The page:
What was supposed to be a 25-minute set, thankfully stretched into a 50-minute set with gems like When I Drink, January Wedding, Denouncing November Blue, In the Curve, Go to Sleep, I Killed Sally’s Lover, and At the Beach.  Scott and Seth gave every bit of energy they had and looked like they were having a blast doing it as well.  Half-way through the set, after thanking Jed for inviting them to be a part of such an important event, Seth said, “We’re gonna play one of the songs we always used to play back when we first met Jed many years ago.  This one’s called Cigarettes and Whiskey.”  The crowd went crazy as the brothers added their own Cabarrus County charm to this old country classic.  They quickly downshifted into a beautiful version of Doc Watson’s Look up Look Down that Lonesome Road.  Minus a few token cat calls, the audience had hushed to hear that Avett harmony, all while near or distant memories of love lost stirred deep within.  This is why The Avett Brothers have fans lined up at 9am for a midnight show.  Their music digs up raw human emotions that make us feel reborn and alive.  They make us remember what we’ve been through and look ahead to better days.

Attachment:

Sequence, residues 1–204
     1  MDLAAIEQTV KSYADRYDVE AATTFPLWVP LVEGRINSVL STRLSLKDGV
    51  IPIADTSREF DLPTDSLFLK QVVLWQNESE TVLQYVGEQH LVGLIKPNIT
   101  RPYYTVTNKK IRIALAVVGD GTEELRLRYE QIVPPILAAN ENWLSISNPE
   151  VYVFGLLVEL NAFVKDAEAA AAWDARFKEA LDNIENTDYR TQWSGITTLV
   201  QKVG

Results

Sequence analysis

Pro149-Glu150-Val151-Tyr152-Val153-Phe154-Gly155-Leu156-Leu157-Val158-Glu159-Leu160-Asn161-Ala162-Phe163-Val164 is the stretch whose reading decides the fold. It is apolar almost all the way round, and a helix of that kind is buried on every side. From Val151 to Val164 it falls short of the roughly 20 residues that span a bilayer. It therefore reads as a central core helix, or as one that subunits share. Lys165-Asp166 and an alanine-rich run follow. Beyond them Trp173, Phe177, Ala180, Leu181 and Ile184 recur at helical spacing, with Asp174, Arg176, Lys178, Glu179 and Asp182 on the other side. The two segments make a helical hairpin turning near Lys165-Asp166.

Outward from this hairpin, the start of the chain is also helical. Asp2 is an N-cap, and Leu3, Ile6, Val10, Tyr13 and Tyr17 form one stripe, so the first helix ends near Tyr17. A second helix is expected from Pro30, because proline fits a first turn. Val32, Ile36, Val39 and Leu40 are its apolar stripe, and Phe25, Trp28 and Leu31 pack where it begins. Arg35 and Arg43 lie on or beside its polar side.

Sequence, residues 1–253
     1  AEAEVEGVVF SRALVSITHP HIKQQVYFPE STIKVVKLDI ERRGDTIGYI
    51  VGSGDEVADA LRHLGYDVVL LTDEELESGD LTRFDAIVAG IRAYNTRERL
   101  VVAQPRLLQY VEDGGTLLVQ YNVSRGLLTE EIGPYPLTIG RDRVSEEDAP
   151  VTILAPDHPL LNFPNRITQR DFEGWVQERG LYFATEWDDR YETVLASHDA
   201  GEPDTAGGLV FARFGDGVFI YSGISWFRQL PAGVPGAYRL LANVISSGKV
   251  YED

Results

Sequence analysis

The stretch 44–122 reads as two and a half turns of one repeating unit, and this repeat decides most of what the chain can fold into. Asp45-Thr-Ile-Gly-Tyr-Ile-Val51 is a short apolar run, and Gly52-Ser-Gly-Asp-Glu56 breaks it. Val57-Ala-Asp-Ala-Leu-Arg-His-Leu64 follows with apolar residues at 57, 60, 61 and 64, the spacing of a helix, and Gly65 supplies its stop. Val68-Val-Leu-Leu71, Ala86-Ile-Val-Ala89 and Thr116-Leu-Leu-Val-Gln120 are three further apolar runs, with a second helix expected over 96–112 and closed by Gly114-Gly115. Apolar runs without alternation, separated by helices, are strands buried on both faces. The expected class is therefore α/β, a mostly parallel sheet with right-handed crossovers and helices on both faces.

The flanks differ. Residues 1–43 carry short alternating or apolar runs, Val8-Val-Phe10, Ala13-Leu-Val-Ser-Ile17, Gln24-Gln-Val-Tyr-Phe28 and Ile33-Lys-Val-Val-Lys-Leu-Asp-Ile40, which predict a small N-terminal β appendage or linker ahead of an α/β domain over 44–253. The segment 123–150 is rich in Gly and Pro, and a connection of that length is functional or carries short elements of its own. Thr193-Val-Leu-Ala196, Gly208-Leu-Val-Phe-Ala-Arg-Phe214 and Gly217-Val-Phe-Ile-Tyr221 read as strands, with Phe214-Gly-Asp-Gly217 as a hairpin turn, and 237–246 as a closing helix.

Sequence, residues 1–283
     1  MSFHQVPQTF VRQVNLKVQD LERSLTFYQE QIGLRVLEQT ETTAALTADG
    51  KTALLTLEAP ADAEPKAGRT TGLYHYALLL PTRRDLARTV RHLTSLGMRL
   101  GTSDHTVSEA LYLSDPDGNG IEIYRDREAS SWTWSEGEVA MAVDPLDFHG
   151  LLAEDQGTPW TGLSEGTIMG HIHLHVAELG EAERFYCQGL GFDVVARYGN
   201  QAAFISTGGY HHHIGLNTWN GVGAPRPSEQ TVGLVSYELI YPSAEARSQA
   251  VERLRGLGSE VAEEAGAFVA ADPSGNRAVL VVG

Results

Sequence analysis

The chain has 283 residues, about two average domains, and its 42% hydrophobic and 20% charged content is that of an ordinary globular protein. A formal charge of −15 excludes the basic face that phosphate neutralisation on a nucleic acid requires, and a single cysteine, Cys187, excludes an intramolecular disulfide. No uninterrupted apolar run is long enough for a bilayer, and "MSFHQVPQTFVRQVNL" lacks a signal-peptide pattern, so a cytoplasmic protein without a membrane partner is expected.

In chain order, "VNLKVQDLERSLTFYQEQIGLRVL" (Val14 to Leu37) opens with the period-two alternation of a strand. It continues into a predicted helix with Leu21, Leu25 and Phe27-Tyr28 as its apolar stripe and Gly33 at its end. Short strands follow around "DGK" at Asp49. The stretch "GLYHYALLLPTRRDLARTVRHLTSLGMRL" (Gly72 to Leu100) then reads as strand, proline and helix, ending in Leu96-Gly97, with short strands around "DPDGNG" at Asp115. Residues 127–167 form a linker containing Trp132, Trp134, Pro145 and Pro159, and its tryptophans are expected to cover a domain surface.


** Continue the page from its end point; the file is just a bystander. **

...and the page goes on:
They ended their set with a song that has become a staple in their shows as of late–gospel hymn A Closer Walk with Thee.  What a fitting way to end a show of this magnitude–with grace, hope and faith.  To Grayson Currin and everyone else involved in making the Racing the Cure Benefit for Oliver Gant a success, thank you for promoting music that really matters and for supporting a cause bigger than all of us.  To the Gant family, our prayers are with you always.  Keep fighting Oliver!

6 Comments

Filed under Live Shows, Music, Review